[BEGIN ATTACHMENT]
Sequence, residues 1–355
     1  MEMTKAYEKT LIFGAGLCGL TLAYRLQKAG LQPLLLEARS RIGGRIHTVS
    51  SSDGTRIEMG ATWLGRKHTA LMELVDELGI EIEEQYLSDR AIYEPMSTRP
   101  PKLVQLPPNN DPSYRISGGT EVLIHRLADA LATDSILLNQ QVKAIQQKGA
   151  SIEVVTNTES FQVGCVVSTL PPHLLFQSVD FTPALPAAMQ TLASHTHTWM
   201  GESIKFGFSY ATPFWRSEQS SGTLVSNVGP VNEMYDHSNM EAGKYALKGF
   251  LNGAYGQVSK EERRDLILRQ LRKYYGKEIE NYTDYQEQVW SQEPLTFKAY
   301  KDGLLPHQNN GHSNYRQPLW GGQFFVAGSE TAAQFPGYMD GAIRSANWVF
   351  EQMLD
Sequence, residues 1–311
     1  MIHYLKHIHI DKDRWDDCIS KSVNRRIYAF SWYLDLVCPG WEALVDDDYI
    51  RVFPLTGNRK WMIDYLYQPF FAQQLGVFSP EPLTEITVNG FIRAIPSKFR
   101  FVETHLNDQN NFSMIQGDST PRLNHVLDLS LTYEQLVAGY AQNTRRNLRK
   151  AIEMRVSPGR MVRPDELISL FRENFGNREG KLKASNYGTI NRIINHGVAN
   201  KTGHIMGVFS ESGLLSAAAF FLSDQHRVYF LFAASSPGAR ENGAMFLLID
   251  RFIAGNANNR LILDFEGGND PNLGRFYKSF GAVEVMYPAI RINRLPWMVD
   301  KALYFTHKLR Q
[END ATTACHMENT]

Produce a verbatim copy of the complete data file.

Sequence, residues 1–355
     1  MEMTKAYEKT LIFGAGLCGL TLAYRLQKAG LQPLLLEARS RIGGRIHTVS
    51  SSDGTRIEMG ATWLGRKHTA LMELVDELGI EIEEQYLSDR AIYEPMSTRP
   101  PKLVQLPPNN DPSYRISGGT EVLIHRLADA LATDSILLNQ QVKAIQQKGA
   151  SIEVVTNTES FQVGCVVSTL PPHLLFQSVD FTPALPAAMQ TLASHTHTWM
   201  GESIKFGFSY ATPFWRSEQS SGTLVSNVGP VNEMYDHSNM EAGKYALKGF
   251  LNGAYGQVSK EERRDLILRQ LRKYYGKEIE NYTDYQEQVW SQEPLTFKAY
   301  KDGLLPHQNN GHSNYRQPLW GGQFFVAGSE TAAQFPGYMD GAIRSANWVF
   351  EQMLD
Sequence, residues 1–311
     1  MIHYLKHIHI DKDRWDDCIS KSVNRRIYAF SWYLDLVCPG WEALVDDDYI
    51  RVFPLTGNRK WMIDYLYQPF FAQQLGVFSP EPLTEITVNG FIRAIPSKFR
   101  FVETHLNDQN NFSMIQGDST PRLNHVLDLS LTYEQLVAGY AQNTRRNLRK
   151  AIEMRVSPGR MVRPDELISL FRENFGNREG KLKASNYGTI NRIINHGVAN
   201  KTGHIMGVFS ESGLLSAAAF FLSDQHRVYF LFAASSPGAR ENGAMFLLID
   251  RFIAGNANNR LILDFEGGND PNLGRFYKSF GAVEVMYPAI RINRLPWMVD
   301  KALYFTHKLR Q